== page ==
DFKI developed a WebGL-based standalone library to visualize the different simulation data on a 3D globe in the browser. The library contains a lightweight interface to create a3D globe that supports 2D and 3D projections as well as custom tilesets with dynamic zoom levels with the ability to add, remove, and change transitions and basin values efficiently and in real-time at run time. The library makes use of available platform specific input methods e.g. touches on mobile, where the user is able to use pinch and drag gestures to interact with the globe. It utilizes Fastlane, a JavaScript library for data-flow base parallel data processing for the web, which is being developed from DFKI in collaboration with an industry partner in related project. The library offers an abstraction over low-level APIs that expose hardware parallelism (SIMD.js, GLSL), thus making enabling its use even by non-experts. It is used, in particular, to implement the real-time processing of huge datasets for visualization with WebGL.

A high performance JavaScript library for visualizing data on an interactive globe

A interactive live demo can be found here: https://cimplex-project.github.io/cimplex-globe.

Decoder Library

DFKI in collaboration with ISI developed a user-friendly JavaScript open source library for fast data exchange. The library utilizes parallel data processing (web workers) and offers an asynchronous interface. It is able to create, remove and decode simulation data using the GleamViz web service.

The GLEAMViz-decoder library acts as a middleware between simulation services and the Visualization Framework.

The GLEAMViz web service hosts simulation data in various formats. All of them contain compressed binary data for fast data exchange and that needs to be decoded on the client in order to be processed and visualized. By using parallel data processing the decoding time can be greatly reduced. Thus,the library offers decoders for GLEAMViz from ISI and agent based model datasets from ISI and FBK, including movement data from the DFKI.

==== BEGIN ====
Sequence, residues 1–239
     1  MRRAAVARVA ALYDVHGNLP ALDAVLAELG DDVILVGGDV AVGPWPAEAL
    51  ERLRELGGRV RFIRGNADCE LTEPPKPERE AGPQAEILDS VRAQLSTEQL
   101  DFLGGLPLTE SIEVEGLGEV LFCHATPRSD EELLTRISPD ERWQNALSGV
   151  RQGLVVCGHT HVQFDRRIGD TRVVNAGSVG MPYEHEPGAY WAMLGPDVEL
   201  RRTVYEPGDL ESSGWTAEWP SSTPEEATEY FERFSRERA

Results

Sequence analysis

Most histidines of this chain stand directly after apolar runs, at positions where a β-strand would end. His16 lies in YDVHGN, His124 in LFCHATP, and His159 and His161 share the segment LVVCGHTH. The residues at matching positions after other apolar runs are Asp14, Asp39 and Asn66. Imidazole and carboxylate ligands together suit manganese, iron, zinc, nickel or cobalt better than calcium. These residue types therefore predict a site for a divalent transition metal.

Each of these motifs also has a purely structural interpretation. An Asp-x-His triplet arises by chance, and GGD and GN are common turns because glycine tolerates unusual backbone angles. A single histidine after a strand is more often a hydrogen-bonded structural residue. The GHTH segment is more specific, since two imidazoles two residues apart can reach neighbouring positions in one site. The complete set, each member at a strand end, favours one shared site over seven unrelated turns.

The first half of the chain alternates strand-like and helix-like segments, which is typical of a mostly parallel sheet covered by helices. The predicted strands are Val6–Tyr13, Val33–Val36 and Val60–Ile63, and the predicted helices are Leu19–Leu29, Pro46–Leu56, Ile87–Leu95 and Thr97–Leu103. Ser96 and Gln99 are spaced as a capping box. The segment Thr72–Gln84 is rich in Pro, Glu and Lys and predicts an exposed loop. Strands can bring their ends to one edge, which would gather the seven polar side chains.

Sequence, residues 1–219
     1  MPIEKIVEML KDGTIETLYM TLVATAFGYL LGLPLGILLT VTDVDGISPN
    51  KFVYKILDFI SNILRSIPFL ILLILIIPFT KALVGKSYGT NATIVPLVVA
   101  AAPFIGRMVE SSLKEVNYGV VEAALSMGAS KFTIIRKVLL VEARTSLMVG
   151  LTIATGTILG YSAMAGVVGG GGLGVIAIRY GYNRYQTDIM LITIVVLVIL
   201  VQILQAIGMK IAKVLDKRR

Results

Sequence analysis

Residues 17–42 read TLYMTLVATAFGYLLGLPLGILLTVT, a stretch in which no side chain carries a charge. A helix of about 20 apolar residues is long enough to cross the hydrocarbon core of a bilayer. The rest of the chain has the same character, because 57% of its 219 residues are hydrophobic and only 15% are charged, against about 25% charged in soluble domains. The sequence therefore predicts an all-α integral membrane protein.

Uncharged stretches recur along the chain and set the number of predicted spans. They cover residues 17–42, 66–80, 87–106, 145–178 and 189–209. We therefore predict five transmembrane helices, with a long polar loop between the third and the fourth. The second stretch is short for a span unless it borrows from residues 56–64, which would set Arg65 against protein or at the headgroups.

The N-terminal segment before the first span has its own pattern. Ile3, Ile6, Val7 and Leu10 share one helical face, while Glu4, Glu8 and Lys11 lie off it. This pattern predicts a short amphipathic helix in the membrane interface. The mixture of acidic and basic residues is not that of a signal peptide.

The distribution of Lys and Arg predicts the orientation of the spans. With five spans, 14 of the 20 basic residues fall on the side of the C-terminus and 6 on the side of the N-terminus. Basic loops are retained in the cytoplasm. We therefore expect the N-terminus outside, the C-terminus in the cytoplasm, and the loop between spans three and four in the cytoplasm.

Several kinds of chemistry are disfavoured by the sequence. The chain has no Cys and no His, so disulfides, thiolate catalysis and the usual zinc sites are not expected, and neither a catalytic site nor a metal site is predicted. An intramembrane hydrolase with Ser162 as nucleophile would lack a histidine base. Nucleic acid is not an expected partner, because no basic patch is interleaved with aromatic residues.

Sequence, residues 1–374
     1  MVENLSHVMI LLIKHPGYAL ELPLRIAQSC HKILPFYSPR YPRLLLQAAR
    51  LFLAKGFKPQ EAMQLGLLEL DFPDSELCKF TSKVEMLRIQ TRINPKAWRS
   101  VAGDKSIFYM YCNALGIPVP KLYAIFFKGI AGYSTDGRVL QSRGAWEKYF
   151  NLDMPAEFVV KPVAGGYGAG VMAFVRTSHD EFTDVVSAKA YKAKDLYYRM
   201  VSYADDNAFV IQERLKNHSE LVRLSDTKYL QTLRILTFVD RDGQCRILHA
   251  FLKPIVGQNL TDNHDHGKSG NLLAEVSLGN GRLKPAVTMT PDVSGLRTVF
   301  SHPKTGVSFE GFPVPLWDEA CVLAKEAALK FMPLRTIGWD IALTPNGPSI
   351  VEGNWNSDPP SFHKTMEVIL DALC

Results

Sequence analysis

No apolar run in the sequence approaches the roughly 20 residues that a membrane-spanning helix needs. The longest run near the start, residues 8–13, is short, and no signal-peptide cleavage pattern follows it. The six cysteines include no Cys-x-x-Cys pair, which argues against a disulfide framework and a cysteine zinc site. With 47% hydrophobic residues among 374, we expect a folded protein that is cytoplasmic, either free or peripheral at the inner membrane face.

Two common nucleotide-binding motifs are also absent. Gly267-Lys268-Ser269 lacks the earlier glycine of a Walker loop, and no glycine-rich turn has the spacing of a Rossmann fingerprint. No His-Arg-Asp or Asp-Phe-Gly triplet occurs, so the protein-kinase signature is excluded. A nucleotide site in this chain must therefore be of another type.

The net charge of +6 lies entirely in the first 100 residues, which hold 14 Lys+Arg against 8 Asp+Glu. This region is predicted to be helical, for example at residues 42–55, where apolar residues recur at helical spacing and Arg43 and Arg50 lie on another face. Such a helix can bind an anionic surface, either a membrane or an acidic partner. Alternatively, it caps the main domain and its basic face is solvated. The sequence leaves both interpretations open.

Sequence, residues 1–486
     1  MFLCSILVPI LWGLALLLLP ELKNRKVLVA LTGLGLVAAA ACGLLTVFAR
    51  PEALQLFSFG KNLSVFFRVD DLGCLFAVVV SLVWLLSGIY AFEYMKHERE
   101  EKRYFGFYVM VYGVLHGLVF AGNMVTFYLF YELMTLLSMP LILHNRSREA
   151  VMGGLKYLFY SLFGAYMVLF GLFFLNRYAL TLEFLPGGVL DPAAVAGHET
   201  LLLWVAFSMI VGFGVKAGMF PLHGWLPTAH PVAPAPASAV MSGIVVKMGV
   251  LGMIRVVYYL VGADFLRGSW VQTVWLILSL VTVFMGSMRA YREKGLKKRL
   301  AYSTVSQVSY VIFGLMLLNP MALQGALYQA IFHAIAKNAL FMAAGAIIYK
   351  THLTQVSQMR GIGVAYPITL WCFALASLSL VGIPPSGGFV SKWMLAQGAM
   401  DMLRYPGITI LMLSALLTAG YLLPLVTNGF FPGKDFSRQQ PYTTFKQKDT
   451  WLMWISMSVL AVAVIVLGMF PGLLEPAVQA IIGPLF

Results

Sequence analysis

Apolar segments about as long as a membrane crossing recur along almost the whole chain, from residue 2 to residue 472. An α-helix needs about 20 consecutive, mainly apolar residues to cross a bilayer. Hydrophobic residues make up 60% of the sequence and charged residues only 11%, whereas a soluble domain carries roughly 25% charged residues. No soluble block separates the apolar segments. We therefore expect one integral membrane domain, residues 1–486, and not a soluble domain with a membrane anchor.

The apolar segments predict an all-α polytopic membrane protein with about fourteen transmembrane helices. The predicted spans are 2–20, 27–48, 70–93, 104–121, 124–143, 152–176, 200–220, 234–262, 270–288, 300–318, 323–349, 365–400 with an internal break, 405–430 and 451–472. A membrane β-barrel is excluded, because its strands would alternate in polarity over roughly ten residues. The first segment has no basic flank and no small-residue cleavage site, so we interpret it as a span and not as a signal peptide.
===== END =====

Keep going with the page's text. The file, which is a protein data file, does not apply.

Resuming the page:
We also have developed a configurator application that tremendously reduces the time to configure and deploy a custom version of the visualization framework including all data and simulation services. Based on a web page URL, a user is now able to select, which views, data and simulation services he wants to include in his custom deployment. The server backend then creates a unique executable file depending on the selections, and offers it for downloading. The downloaded executable, based on node.js and Docker, then fully automatically installs all dependencies, including data and simulation services, locally on the client machine. By using Docker, the installation is isolated and does not affect or modify the client host system. The configurator creates executables for Windows, Mac OSX and Linux.

The three different steps of the Web-based CIMPLEX Configurator. The user is able to select which views, data and simulation services he wants to deploy locally.


  • Title: Bringing of Citizen, model and Data together in Participatory, Interactive Social Exploratories
  • Run Time: 01.01.2015 – 31.12.2017
  • Funding:
    • FET Proactive Global Systems Science (GSS)
    • Grant agreement no: 641191
  • Partners
    • Deutsches Forschungszentrum für Künstliche Intelligenz GmbH, Germany
    • Eidgenössische Technische Hochschule Zürich, Switzerland
    • Universität Stuttgart, Germany
    • University College London, United Kingdom
    • Közép-európai Egyetem (Central European University), Hungary